Every worker shall have the right to participate in industrial action for the protection and promotion of their economic, social and political interests and not to be penalised for doing so, and every union shall have the right to organise and support industrial action, subject only to the rules of the trade union in question.


Every worker shall have the right to equality of opportunity and freedom from discrimination, and shall have the right to insist on barriers to employment being removed, including access to free or affordable high-quality childcare.

Every worker shall have the right — either directly or indirectly through their trade union — to be informed and consulted about changes to contractual or working practices and to agree before any such changes are implemented.

Every worker shall have the right to job security, and the right not to be dismissed for (i) refusing to agree to a change in the terms and conditions of their employment, or (ii) before dismissal or other procedures are fully complied with. Any such dismissal shall be void.

Every worker shall have the right to (i) social security benefits in unemployment, ill-health, or incapacity and to (ii) pension in retirement, which will guarantee a just income and a decent standard of living, without the need for charitable supplements.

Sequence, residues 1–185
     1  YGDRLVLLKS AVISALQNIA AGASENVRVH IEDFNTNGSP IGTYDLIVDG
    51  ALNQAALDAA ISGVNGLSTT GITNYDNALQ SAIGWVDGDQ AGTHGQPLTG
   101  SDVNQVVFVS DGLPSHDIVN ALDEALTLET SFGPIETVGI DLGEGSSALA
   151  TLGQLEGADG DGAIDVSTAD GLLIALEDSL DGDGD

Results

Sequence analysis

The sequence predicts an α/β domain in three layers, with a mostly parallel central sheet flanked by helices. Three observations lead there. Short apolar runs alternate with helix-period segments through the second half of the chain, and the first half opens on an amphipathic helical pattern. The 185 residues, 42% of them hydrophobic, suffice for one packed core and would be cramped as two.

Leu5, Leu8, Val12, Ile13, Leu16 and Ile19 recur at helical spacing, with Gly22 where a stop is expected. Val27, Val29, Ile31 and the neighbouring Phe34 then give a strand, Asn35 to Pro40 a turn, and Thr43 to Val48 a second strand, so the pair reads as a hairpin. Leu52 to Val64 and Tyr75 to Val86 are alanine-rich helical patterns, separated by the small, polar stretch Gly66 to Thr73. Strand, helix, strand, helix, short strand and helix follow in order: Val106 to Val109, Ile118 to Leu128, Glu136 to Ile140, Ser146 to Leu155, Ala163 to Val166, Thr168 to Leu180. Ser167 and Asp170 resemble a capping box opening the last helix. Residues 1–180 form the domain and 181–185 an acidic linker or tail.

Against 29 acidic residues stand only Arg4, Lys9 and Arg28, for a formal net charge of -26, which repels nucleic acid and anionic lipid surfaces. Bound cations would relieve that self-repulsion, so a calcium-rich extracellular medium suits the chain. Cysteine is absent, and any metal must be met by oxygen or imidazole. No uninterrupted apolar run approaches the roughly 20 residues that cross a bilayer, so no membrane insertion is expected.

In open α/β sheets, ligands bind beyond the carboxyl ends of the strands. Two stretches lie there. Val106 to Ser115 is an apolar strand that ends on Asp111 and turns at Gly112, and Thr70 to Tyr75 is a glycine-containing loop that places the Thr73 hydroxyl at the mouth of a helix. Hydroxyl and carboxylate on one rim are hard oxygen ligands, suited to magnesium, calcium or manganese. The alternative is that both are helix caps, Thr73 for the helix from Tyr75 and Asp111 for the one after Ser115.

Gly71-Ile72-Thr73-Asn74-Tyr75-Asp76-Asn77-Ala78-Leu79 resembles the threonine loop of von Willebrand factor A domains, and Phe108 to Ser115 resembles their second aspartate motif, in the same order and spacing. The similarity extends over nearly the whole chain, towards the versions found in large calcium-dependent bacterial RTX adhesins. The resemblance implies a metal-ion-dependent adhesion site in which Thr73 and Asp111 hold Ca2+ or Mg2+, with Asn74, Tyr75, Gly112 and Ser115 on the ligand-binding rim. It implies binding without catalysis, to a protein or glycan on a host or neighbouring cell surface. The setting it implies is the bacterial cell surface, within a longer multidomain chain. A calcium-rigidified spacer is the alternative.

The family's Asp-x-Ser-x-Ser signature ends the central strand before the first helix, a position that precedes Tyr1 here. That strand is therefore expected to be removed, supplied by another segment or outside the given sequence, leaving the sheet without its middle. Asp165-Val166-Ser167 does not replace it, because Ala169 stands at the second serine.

Every worker shall have the right to insist that EU employment rights in force at the time of Brexit shall continue to apply in the United Kingdom, until such time as legislation makes provision for higher levels of protection.

Every worker shall have the right to effective labour standards. To this end, it is the responsibility of the state to ensure that rights at work are enforced in practice by a tripartite, fully committed, properly funded and staffed labour inspection and enforcement agency with full powers.

Every worker shall have the right of access to justice in tripartite independent, impartial and speedy labour courts with effective and uncapped remedies to restrain employers from, and to compensate workers for, unlawful acts by employers, and to which trade unions may, on the instruction of a relevant member(s), be parties.

Every worker shall have the right to representation in government. To this end, a Ministry of Labour shall be established to ensure that trade union freedom, collective bargaining structures, workers’ rights, and enforcement mechanisms are fully and effectively created and maintained. 


Every business selling goods or services in the United Kingdom and its territorial waters shall ensure that the workers in its supply chains are, in practice, accorded equivalent rights to those in this bill of rights.